Our Favorite Fallacy in Ministry

A fallacy is simply an error in reasoning. Fallacies come in many different forms. For churches, our favorite fallacy begins as we point out that a ministry opportunity is imperfect. Having shown that the opportunity is imperfect, we then claim that we have a good reason for not even trying to accomplish the ministry. Often […]

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The Suffering of Pastoral Ministry

In 2 Corinthians 11, Paul defends his ministry as an apostle by listing the ways that he has suffered as a minister of the gospel. Against his opponents, he says that he has been imprisoned, flogged, beaten, stoned, shipwrecked, hunted, and starved for the sake of his ministry. Paul’s list of suffering doesn’t stop at […]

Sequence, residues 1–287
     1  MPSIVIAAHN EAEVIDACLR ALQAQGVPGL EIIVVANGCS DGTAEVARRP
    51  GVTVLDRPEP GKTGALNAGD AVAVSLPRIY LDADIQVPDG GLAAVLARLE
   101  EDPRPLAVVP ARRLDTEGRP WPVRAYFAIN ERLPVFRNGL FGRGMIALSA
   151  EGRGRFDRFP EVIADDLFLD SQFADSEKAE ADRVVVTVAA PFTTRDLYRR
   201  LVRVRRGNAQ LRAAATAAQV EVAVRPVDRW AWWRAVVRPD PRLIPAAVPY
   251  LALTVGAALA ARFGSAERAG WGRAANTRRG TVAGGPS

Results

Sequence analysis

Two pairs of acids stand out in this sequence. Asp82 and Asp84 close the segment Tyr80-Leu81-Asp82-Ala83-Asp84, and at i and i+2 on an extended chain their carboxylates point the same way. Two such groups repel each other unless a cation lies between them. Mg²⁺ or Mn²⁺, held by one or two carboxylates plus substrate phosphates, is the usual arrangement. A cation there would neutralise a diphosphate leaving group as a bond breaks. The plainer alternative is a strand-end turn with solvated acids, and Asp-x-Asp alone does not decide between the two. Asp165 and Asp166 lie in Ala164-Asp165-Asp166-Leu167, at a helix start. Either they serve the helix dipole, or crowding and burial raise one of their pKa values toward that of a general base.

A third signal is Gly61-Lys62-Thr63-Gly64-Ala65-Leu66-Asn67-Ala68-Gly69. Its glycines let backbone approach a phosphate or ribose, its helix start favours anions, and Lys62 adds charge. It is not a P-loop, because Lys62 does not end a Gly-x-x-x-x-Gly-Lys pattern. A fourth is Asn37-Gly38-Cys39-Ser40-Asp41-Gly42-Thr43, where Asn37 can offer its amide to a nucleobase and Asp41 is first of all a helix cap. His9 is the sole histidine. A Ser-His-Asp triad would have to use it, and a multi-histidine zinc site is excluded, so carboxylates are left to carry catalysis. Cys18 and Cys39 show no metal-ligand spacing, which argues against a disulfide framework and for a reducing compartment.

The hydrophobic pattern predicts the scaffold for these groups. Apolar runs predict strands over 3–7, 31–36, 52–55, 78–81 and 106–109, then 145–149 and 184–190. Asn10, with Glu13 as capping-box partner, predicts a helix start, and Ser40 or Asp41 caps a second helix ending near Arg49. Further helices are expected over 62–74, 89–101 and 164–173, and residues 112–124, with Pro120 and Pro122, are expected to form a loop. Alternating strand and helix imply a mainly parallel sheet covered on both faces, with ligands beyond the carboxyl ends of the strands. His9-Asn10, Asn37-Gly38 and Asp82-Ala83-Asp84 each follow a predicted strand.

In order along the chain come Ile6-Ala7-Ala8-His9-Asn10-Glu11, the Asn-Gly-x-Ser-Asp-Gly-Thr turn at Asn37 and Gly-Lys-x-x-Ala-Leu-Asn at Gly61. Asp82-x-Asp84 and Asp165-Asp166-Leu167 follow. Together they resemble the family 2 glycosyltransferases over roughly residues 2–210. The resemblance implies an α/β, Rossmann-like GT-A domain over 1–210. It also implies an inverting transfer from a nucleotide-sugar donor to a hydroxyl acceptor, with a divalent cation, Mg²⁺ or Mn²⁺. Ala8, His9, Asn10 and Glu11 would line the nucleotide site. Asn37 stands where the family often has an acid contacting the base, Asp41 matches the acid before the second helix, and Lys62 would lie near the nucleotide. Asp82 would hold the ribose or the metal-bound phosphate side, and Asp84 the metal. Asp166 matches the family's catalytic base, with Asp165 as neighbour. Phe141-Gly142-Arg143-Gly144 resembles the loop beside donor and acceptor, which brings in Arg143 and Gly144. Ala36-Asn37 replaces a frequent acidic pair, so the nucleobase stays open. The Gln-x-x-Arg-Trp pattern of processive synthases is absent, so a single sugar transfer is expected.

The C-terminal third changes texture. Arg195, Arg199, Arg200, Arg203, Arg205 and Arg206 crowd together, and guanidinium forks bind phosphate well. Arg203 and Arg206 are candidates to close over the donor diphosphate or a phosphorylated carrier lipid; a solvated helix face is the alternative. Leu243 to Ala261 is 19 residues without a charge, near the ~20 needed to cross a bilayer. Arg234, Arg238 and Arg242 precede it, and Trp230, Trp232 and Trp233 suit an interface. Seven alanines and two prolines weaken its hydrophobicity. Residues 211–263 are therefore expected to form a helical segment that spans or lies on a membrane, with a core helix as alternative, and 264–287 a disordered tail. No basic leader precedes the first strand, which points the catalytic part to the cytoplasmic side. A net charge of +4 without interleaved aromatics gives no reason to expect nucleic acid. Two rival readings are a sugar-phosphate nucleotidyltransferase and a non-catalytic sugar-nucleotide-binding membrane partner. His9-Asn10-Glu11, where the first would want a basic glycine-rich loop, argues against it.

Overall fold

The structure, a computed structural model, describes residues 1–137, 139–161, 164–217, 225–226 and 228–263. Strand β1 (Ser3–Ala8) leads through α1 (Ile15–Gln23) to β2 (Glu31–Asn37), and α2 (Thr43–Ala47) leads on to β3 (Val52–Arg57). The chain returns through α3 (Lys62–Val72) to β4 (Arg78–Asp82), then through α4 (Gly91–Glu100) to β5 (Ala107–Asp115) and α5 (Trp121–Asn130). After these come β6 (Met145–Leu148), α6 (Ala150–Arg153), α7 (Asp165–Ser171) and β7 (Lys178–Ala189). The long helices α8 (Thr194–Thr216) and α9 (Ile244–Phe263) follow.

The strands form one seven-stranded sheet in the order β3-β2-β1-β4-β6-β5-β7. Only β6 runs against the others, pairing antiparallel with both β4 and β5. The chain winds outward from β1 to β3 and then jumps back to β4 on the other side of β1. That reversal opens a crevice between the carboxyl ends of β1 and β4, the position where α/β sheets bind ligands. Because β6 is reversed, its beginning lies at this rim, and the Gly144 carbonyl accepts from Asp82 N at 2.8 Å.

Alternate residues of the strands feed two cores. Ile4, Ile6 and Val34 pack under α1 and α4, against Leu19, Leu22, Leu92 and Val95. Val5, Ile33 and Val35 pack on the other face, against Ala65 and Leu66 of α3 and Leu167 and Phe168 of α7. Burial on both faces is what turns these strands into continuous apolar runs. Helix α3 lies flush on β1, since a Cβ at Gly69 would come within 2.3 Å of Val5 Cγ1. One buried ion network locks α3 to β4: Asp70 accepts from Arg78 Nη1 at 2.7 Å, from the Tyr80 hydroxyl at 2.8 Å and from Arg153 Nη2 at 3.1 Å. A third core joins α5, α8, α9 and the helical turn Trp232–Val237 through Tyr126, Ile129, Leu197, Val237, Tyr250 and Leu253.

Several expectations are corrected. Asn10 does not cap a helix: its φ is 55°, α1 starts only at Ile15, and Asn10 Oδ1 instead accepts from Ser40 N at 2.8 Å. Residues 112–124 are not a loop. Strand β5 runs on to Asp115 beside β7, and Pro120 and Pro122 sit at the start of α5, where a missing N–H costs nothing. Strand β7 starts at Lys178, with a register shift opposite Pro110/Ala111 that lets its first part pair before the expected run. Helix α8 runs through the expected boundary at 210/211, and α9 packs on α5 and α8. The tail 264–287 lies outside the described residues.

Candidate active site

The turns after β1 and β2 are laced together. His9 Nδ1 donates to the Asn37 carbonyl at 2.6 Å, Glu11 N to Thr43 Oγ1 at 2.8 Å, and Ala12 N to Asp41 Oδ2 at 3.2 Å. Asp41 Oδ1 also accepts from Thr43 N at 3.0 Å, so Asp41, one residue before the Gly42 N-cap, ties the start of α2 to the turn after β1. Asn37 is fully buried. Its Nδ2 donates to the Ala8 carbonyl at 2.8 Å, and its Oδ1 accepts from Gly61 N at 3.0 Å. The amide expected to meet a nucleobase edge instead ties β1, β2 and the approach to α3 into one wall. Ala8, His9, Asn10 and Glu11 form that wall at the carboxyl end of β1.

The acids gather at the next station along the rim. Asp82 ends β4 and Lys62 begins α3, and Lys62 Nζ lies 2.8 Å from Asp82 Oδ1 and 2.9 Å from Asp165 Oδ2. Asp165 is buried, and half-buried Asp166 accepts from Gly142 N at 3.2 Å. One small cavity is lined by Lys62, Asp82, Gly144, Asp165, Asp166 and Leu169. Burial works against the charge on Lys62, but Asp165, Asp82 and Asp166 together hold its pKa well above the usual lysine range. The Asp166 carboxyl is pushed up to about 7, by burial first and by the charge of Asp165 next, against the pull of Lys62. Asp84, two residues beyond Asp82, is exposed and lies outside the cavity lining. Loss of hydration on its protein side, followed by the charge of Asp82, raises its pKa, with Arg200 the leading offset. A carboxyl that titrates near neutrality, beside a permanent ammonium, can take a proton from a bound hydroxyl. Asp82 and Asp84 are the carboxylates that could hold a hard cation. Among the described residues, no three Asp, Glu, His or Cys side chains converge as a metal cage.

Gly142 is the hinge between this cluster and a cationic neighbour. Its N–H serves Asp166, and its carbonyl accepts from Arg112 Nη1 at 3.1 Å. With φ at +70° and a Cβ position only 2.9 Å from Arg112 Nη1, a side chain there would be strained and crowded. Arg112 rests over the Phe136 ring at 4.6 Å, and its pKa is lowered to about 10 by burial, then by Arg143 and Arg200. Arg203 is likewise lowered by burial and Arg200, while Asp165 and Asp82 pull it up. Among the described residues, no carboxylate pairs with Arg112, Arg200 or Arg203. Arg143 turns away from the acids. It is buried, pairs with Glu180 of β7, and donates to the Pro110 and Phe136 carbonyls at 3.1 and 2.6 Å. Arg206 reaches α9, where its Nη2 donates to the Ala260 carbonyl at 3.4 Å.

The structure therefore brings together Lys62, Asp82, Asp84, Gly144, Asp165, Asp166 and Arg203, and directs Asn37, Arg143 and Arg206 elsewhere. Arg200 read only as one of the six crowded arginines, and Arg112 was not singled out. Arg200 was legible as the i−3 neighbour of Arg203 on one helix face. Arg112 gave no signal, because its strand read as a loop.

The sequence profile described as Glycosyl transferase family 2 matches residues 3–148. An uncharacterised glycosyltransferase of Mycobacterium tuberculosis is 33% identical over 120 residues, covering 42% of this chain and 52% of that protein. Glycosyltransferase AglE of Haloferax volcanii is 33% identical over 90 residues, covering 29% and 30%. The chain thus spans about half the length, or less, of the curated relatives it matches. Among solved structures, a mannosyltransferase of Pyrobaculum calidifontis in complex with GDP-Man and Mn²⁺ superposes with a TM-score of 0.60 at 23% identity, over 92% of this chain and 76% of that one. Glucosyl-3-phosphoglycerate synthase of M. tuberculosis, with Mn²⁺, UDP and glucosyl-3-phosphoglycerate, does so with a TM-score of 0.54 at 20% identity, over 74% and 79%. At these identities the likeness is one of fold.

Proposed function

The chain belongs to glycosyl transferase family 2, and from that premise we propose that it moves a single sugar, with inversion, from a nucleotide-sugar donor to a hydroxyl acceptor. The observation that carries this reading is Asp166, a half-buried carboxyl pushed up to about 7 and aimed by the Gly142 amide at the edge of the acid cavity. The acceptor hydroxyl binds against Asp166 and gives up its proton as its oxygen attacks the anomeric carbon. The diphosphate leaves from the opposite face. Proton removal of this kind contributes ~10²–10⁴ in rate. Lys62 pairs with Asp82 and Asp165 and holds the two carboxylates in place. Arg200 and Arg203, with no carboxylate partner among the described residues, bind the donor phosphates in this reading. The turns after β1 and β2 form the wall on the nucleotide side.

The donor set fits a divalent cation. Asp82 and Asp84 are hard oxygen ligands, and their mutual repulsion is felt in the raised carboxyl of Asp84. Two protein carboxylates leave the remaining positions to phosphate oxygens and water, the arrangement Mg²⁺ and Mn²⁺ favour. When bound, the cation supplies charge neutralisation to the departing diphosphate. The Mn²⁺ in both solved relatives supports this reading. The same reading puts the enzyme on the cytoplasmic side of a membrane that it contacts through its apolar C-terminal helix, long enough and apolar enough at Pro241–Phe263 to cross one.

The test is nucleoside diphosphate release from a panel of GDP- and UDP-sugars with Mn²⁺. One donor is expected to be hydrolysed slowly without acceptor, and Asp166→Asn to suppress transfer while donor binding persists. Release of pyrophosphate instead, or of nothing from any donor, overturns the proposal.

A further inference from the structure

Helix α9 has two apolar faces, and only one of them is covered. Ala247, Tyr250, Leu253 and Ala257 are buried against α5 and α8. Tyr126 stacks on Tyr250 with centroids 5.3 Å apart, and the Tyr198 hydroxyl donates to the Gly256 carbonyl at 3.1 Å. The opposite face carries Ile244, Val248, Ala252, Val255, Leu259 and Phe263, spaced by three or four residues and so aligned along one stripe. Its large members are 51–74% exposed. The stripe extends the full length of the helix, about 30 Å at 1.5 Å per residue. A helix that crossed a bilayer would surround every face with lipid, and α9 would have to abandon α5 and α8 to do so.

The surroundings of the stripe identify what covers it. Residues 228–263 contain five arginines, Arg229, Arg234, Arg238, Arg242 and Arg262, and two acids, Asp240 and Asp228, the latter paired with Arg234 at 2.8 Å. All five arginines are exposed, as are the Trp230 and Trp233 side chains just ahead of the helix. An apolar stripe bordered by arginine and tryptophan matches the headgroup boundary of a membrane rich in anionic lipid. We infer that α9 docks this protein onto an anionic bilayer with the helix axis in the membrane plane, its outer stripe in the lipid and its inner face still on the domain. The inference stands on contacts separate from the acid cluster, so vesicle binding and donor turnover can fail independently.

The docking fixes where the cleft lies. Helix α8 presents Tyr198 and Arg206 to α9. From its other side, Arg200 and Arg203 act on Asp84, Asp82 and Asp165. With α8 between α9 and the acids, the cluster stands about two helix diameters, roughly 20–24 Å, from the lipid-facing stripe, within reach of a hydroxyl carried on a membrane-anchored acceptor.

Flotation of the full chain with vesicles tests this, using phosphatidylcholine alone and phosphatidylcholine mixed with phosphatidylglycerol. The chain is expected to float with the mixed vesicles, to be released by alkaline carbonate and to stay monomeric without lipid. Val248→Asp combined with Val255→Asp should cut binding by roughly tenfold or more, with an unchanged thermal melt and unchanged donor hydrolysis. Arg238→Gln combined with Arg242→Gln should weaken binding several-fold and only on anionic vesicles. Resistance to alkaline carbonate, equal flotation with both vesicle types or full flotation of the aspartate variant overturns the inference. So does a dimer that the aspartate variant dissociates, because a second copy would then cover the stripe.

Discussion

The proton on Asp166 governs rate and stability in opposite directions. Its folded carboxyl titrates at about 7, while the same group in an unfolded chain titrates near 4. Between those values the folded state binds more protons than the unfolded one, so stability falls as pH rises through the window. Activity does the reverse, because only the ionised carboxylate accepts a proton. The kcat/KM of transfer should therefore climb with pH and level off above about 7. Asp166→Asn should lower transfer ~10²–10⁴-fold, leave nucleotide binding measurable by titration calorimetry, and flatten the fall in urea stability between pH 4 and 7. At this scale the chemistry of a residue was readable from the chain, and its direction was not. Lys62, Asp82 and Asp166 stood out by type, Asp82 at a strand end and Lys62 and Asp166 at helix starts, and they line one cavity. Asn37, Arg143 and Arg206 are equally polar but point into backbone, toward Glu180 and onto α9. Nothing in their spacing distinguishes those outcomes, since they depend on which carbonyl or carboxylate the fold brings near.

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Best Books of July 2018

Below are the three best book I read in July in no certain order. The Great Divorce by C.S. Lewis The Great Divorce is a work of theological fiction in which C.S. Lewis challenges the modern understanding of hell. The standard view of hell, which owes much to Dante Alighieri’s famous poem, The Inferno, takes […]

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Top 6 Posts From the First 6 Months

Thinking Theologically turns 6 months old this month! In honor of the 6-month milestone, I’ve placed links to the 6 most-read blog posts below! #1 Of Crawfish and Bacon: Christians and Those Quirky Old Testament Laws This post examines why Christians feel free to disregard so many Old Testament laws. In Louisiana, shellfish such as […]

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What Do Pastors Do?

Every weekend, multitudes of preachers stand before congregations and faithfully preach God’s word to God’s people. For those 30-45 minutes, the preacher looks out from the pulpit and tells his congregation how God’s word applies to their lives. Then, he leaves the pulpit, walks off the stage, and goes home just like everyone else. Next […]

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